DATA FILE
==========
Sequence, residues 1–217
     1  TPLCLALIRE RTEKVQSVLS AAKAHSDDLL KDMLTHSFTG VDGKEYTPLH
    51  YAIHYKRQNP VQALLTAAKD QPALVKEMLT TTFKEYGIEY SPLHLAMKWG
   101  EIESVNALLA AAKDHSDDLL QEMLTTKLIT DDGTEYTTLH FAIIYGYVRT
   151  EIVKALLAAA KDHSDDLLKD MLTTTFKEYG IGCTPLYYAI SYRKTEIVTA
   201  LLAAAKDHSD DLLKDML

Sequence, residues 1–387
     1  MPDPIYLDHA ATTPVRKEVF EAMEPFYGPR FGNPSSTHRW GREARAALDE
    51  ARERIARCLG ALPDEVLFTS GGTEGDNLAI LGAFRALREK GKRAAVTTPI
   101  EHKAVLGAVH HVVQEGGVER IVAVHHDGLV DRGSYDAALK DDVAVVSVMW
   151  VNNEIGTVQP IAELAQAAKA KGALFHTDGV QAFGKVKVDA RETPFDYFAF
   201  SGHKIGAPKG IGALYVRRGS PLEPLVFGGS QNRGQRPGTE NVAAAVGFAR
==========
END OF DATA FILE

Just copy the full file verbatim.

Sequence, residues 1–217
     1  TPLCLALIRE RTEKVQSVLS AAKAHSDDLL KDMLTHSFTG VDGKEYTPLH
    51  YAIHYKRQNP VQALLTAAKD QPALVKEMLT TTFKEYGIEY SPLHLAMKWG
   101  EIESVNALLA AAKDHSDDLL QEMLTTKLIT DDGTEYTTLH FAIIYGYVRT
   151  EIVKALLAAA KDHSDDLLKD MLTTTFKEYG IGCTPLYYAI SYRKTEIVTA
   201  LLAAAKDHSD DLLKDML

Sequence, residues 1–387
     1  MPDPIYLDHA ATTPVRKEVF EAMEPFYGPR FGNPSSTHRW GREARAALDE
    51  ARERIARCLG ALPDEVLFTS GGTEGDNLAI LGAFRALREK GKRAAVTTPI
   101  EHKAVLGAVH HVVQEGGVER IVAVHHDGLV DRGSYDAALK DDVAVVSVMW
   151  VNNEIGTVQP IAELAQAAKA KGALFHTDGV QAFGKVKVDA RETPFDYFAF
   201  SGHKIGAPKG IGALYVRRGS PLEPLVFGGS QNRGQRPGTE NVAAAVGFAR